M Life’s most important women
(Founders Grandmother Rana top left)
International Women’s Day and Mother’s Day both take place this week.
Each celebration, and indeed this wonderful week dedicated to women, serve as a reminder and opportunity to honour the most important women in our lives.
We’re holding onto and raising up friends, mothers, sisters, aunts, cousins, co-workers, the women who serve us, the women we serve, the women we look up to, the women we know and don’t know, and many, many others. All and every one of them deserve to be praised, venerated, revered and cheered, and even have festivities held in their name.
If we wrote about all the amazing women in our lives, we’d have enough material for a book. But instead, we’re sharing a few anecdotes about the women we love the most or have had the biggest impact on our lives or those of others.
My grandmother – M Life’s founder and CEO
My grandmother Rana (top left in the tree), and my mother, were incredible women who were always fighting for what is right. Rana, my grandmother, inspired me so much in life, she’s even the motivation behind M Life. While bringing up five (!) children, she protested against the removal of a very sacred, ancient tree from the small rural town she lived in – and succeeded. That gusto, drive and pursuit of equality shaped me as a person and made me constantly think ‘what good can I do in the world?’ My mother also inherited my grandmother’s courageous personality and desire the right wrongs, and brought my five brothers and me up with a firm sense of this. Mum not only the incredible mother to me and my brothers, but supported and cherished my father, who upheld justice in the courtroom (he was a lawyer and a judge). I couldn’t have asked for a more wonderful family nor stronger female influences.
My English teacher – M Life’s Journal contributing editor, the Journal
Many moons ago when I was doing my A Levels, I was taught by the most incredible woman. I think she was the Head or Deputy Head of English – we’ll call her Mrs G. She was a tough cookie and pushed us to do our absolute best, but in the most encouraging, life affirming way. What’s more, she never singled out or treated one member of the class more favourably than another. We were a mixed bunch in terms of grades, but she made everyone feel like they could achieve something. Mrs G gave equal time and attention to every person. In the end, she brought out everyone’s academic side, but also made us feel more confident, develop self-worth, and made a shared respect and love for other women non-negotiable. Mrs G was a shining example of the power of supporting one another.
My great aunt – M Life’s social media manager
My grandma’s sister was kind of like my second grandma. She inspired me to live a different kind of life and live it for myself – not for anyone else. She was not a traditional kind of woman, at least not for her time – she was born in 1920s, didn’t have kids, was divorced (I know, gasp…) and lived by her own rules, which really irritated the rest of her family. My great aunt lived by herself in a little countryside house and enjoyed being in nature so much. At the same time, she was the soul of any party and the lifeblood of any group – always the first on the dancefloor, even in her 80s. I loved watching her getting ready to go out – all of a sudden, this tiny lady would pop some make up on, curl her hair, glam up in her 70s style skirt... She was always in the middle of action, organising events, concerts and even led a local choir well into her 80s. My great aunt always stuck to her principles on the smallest of things (for example, she never watched TV because it was a ‘waste of time’) and was the most amazing source of positivity.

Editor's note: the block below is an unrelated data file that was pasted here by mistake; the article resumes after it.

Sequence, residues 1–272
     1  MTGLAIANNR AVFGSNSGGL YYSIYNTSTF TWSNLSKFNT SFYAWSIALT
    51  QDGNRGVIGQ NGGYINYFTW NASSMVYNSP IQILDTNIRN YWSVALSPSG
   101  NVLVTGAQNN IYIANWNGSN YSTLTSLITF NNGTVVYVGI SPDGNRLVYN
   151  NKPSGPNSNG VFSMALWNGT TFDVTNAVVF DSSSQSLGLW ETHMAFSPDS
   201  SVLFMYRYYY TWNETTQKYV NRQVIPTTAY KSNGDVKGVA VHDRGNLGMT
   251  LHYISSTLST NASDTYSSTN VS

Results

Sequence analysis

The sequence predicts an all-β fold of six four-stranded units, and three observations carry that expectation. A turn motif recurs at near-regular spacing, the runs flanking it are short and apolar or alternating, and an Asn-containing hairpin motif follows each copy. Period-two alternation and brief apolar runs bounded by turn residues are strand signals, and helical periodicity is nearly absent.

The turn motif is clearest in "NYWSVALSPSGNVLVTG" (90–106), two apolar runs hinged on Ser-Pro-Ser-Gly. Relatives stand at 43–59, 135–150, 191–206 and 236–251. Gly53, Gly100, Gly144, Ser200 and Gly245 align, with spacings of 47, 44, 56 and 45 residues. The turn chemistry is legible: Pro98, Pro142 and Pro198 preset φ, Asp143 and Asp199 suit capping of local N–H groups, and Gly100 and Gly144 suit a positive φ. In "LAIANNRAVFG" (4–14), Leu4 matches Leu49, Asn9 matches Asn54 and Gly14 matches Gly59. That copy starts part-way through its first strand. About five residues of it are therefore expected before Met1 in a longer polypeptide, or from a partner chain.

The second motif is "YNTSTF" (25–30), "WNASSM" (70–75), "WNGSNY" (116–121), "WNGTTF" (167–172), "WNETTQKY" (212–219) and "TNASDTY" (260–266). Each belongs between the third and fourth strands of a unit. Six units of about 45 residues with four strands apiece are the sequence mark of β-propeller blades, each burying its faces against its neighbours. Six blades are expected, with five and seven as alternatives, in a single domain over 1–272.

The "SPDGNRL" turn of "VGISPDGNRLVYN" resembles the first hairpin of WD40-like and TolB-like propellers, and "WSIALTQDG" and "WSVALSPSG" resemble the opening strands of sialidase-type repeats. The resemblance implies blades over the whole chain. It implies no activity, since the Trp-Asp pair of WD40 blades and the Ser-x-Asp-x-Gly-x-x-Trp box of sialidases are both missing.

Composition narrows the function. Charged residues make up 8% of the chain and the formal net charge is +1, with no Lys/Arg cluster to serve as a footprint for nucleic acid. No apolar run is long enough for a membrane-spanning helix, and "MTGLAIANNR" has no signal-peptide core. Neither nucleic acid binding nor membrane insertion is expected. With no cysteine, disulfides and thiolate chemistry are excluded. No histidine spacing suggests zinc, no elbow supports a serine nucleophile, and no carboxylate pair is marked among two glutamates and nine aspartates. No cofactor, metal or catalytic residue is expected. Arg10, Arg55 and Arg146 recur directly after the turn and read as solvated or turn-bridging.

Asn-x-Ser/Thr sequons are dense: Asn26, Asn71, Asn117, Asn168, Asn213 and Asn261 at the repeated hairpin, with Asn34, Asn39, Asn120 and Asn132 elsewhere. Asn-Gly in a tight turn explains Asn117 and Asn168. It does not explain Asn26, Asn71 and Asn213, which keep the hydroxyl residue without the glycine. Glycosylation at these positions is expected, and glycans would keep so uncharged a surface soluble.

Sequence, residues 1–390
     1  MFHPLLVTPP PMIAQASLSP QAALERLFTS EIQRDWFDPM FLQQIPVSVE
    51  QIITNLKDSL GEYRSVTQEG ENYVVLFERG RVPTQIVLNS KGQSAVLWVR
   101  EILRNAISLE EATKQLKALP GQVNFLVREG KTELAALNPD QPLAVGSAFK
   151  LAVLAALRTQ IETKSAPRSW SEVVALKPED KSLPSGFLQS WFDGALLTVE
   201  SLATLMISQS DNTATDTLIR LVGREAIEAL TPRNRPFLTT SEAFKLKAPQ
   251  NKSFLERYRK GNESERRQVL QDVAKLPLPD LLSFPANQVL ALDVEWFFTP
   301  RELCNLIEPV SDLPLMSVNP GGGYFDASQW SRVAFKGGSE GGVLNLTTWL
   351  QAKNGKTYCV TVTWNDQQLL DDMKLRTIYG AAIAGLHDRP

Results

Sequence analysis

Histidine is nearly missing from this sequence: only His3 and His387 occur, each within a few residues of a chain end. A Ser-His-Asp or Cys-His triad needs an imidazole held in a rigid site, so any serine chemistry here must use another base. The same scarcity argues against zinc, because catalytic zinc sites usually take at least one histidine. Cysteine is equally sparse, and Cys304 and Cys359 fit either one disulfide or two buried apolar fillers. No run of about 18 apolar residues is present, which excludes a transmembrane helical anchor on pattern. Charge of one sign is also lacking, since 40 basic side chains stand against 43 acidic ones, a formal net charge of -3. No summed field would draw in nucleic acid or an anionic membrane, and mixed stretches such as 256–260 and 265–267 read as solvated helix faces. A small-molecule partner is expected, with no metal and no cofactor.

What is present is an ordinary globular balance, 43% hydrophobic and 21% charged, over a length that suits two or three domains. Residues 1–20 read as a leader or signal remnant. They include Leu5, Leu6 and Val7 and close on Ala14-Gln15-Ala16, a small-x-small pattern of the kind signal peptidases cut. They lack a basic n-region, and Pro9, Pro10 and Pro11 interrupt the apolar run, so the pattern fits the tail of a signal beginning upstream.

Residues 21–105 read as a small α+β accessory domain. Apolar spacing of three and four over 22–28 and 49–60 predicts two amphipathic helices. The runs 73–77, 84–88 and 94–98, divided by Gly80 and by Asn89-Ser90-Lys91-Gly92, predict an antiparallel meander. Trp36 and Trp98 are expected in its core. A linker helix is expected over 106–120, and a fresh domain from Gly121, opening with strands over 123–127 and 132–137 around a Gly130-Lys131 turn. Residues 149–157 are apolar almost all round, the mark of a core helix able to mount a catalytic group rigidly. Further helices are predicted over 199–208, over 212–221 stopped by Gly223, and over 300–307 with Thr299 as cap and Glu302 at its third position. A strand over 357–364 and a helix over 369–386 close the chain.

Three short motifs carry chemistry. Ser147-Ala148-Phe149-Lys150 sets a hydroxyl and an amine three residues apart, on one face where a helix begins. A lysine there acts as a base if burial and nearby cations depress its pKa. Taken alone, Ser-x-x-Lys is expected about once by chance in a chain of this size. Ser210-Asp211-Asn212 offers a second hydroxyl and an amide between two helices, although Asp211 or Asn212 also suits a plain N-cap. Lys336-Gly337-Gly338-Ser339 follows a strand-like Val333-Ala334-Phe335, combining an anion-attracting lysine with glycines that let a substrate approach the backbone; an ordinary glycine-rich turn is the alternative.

My favourite tennis player – M Life’s Head of Sales
I have two young girls and I’m conscious of finding good role models for them, role models who do great things, but are also impactful people. Creating communities, building hope, unifying people and championing kindness are qualities that can sometimes be in short supply in the celebrities young girls typically look up to or see on TV etc. In recent months, finding reasons to be positive and keep my kids motivated has been hard, but when I found out Naomi Osaka won the Australian Open Tennis Championship in early 2021, I felt so uplifted, so happy and so pleased that this wonderful woman had got the title. She deserved it not just because of what she did, but who she is. I am much more aware of the incredible generation of women leading the way by encouraging girls into sports like tennis and telling them they can do anything, while being inclusive, striving for equality and giving back at the same time. I want my girls to grow up in a world that’s progressive and encourages representation in all areas, on all fronts, and in all ways.